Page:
> I have to ask what the intentions are behind rejecting science...

With "science" lets be specific, as people (conservative or otherwise) tend to accept and promote scientific findings which confirm their biases. When people complain about conservative opposition to "science" they typically mean the following:

Rejection of Evolution

This position is assumed by many Evangelical Christians who embrace Biblical Litteralism. It is an article of their faith that the Bible, which states humanity was created in it's current form, is the true and inerrant word of God.

I think it's noteworthy that this issue has become more controversial, not less, over time; i.e. there are more people in America today rejecting evolution than there were in the 80s and 90s. I believe that for many Evangelicals rejecting evolution has become a necessary affirmation of their faith as part of the broader fight against Liberal cultural imperialism, which tends to be secular.

Rejection of Climate Change

The environmental movement in America is largely based in the liberal cultures of the Left Coast and Yankeedom (digression: I hate that name and tend to think of Woodard's "Yankeedom" as 'Greater New England'). In fact, the Left Coast was dubbed "Ecotopia" in The Nine Nations of North America, because of the importance of the environment to that culture.

This means that the primary proponents of climate science are the cultural enemies of America's Conservative cultures. By itself that would make the science suspect to those cultures.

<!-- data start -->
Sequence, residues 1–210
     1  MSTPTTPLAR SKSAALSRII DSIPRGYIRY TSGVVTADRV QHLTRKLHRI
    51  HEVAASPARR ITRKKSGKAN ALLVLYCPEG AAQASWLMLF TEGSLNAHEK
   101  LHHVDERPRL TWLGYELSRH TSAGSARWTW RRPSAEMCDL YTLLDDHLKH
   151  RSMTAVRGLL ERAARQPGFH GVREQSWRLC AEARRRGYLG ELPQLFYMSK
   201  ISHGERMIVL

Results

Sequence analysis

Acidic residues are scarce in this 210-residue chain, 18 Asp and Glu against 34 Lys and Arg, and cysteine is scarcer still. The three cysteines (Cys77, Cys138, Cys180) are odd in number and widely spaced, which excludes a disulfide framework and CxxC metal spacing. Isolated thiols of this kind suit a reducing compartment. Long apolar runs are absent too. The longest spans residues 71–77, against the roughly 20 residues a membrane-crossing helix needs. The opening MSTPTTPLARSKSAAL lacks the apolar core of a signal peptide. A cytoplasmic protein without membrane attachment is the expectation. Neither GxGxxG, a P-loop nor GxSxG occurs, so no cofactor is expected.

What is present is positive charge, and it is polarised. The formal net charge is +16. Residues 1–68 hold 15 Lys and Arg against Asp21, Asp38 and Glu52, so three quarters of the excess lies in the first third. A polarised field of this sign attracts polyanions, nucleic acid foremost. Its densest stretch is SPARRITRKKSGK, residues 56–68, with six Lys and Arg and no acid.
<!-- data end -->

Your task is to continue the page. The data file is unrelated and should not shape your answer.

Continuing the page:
Addressing the issues raised by climate change will require even more use of the federal government to enforce a cultural value of the aforementioned liberal cultures (specifically, environmentalism). It should come as no surprise that Conservatives increasingly suspect it's simply all propaganda meant to justify ever more cultural imperialism by the left.

Rejection of "Social Science"

On this front I have a lot of agreement with Conservatives. Much of "Social Science" seems, at best, to be a pseudo-science, heavily influenced by the biases and assumptions of its practitioners. Much of it also emerges from Universities based in liberal cultural regions, which explains why conservatives reject it.

Put simply, when it comes to the conservative "rejection" of science, what they are really rejecting is the arguments of Liberal Cultures, even when those arguments are right. The sad truth is, it doesn't matter if you've got the facts on your side, when the people you need to persuade can't trust you.